in the ground
caused by rainwater
eroding sand that was under the ground's surface
. The empty space eventually collapse
s, much to the dismay
of humans who were walking across or building on the surface at that location. Florida
is prone to sinkholes because of the weather
-- lots of rain
for the erosion
and some drought
s which evaporate water from the ground and make the sandy areas take up less volume, weakening the support for anything built on that patch.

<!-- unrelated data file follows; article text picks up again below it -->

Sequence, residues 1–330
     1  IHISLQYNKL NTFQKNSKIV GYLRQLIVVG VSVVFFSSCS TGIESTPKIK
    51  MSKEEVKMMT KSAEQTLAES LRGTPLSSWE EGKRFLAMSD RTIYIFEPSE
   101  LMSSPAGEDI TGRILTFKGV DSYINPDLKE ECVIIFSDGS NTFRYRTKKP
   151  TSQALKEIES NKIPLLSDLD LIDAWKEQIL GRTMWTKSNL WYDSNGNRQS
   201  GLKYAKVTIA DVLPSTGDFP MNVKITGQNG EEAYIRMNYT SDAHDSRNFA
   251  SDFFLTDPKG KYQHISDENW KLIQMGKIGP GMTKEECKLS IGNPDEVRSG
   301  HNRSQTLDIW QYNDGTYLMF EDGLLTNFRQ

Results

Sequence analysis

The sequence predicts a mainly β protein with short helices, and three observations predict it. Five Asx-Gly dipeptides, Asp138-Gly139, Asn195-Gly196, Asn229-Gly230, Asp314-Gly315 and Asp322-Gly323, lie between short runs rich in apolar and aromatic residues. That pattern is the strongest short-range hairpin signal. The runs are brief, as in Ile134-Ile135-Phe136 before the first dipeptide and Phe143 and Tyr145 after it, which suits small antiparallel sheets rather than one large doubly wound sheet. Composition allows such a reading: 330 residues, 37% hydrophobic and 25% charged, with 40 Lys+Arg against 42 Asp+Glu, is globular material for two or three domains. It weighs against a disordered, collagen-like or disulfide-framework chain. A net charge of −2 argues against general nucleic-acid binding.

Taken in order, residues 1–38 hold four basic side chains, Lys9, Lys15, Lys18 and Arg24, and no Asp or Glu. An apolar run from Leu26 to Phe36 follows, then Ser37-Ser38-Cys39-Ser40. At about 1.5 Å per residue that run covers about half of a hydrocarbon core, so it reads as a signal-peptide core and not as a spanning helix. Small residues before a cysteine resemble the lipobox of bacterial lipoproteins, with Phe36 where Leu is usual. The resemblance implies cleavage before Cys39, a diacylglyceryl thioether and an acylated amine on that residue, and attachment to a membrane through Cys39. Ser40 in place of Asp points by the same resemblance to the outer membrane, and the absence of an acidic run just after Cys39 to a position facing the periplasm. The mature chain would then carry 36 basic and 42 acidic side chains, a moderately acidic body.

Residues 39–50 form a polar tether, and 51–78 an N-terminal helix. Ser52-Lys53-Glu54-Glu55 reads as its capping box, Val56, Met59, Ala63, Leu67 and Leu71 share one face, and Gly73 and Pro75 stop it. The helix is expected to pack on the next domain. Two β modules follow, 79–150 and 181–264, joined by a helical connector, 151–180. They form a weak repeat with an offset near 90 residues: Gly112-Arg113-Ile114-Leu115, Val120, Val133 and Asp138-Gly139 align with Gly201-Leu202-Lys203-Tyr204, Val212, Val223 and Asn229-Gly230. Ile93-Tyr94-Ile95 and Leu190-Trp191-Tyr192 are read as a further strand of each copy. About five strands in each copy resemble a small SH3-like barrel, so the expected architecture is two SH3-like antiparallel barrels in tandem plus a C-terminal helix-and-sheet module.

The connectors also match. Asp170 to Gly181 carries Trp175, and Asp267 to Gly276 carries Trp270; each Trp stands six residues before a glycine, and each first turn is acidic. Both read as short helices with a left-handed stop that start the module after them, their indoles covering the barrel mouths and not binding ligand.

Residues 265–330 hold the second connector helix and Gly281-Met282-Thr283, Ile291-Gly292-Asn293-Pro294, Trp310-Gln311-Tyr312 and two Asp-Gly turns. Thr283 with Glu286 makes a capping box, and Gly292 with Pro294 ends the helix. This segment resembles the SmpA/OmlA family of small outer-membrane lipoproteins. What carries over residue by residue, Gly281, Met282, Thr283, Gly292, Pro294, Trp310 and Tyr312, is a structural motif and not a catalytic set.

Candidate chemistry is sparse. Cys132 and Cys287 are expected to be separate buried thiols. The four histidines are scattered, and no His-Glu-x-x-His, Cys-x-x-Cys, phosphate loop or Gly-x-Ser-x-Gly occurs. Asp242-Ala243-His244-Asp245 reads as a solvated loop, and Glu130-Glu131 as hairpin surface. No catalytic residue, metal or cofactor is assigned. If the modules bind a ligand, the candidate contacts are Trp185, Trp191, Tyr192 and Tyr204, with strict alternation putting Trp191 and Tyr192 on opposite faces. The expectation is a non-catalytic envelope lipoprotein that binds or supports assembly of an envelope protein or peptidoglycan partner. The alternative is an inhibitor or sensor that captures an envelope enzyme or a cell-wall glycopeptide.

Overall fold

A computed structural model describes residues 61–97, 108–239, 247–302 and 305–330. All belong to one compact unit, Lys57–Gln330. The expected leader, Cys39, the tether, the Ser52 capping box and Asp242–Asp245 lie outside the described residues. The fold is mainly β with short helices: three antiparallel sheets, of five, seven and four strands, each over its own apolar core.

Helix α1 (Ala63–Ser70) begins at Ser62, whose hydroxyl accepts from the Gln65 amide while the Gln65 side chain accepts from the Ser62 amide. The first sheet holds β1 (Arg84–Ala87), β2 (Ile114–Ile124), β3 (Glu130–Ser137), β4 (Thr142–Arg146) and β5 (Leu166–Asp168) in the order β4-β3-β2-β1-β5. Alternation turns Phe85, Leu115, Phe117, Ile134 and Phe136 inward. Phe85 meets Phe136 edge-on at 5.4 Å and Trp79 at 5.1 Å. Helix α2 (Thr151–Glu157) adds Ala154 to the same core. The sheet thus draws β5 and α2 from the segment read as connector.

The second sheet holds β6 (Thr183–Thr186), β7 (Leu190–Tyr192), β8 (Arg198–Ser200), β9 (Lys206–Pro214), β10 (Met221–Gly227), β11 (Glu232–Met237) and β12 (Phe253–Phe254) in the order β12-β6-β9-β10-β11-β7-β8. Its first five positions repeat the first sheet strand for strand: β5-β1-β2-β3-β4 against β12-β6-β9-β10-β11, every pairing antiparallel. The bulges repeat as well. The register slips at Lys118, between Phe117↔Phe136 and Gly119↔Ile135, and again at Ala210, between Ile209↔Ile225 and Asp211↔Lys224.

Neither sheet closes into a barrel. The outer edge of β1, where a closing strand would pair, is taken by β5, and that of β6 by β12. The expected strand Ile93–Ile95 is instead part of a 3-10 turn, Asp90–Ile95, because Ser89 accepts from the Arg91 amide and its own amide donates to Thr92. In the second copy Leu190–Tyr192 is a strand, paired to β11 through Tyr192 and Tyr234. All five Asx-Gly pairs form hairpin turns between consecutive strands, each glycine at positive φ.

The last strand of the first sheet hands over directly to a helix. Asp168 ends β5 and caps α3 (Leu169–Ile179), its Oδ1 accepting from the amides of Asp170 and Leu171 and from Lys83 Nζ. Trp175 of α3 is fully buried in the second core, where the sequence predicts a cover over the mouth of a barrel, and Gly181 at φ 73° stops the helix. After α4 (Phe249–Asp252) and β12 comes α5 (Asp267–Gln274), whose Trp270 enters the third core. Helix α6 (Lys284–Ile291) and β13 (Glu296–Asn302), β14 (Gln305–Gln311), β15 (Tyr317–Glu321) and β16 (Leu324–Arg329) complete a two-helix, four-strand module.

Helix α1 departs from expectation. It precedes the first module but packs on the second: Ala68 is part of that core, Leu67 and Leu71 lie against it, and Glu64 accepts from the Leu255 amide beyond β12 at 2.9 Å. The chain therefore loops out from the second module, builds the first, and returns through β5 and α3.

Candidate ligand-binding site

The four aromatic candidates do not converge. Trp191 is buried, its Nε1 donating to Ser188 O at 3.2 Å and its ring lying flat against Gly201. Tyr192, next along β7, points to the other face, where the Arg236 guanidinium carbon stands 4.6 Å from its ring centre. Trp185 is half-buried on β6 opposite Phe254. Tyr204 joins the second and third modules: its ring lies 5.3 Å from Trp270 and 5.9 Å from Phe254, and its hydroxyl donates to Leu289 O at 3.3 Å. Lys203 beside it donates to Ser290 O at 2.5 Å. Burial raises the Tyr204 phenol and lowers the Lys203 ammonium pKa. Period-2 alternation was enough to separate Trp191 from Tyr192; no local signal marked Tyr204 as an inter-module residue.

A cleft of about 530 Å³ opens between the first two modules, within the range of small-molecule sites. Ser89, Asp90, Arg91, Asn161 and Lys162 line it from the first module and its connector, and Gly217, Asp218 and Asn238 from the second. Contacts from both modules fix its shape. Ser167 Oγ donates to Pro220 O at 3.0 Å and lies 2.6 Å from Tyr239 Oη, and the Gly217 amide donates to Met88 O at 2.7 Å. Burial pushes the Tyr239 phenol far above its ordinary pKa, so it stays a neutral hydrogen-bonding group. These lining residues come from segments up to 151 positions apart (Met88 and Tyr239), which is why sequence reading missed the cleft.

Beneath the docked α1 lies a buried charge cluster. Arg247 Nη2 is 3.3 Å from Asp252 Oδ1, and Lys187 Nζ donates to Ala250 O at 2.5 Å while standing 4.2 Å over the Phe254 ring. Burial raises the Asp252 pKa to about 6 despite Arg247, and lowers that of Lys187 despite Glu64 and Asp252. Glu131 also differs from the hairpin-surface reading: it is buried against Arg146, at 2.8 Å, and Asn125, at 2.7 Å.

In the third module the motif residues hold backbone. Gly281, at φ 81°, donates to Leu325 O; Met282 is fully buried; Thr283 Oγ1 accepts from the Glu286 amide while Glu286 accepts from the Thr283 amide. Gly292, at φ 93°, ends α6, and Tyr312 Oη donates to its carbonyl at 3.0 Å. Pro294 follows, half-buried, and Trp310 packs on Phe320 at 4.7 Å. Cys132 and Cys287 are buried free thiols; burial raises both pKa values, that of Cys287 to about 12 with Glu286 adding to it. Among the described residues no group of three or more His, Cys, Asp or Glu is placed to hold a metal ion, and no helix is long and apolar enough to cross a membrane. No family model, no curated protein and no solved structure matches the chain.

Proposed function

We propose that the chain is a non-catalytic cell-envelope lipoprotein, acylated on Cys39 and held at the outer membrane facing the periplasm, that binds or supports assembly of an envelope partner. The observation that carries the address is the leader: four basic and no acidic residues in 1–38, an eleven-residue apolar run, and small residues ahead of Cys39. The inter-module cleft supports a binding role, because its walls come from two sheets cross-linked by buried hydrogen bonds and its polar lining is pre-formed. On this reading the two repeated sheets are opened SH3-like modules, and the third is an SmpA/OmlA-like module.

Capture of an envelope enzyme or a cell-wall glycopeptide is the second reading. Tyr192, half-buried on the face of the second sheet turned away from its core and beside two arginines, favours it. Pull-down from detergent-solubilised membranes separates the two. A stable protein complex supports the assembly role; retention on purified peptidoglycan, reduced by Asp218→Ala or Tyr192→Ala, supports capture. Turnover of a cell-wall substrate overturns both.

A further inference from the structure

They can be sort-of fixed by filling the empty cavern (which may be much bigger than the actual collapsed area) with more sand held together with cement. However, to do so involves knowing where one has formed, which usually isn't discovered before it has collapsed. Sinkholes have "swallowed" whole houses, and one is as I write this forcing the closure of parts of two roads on the University of South Florida campus.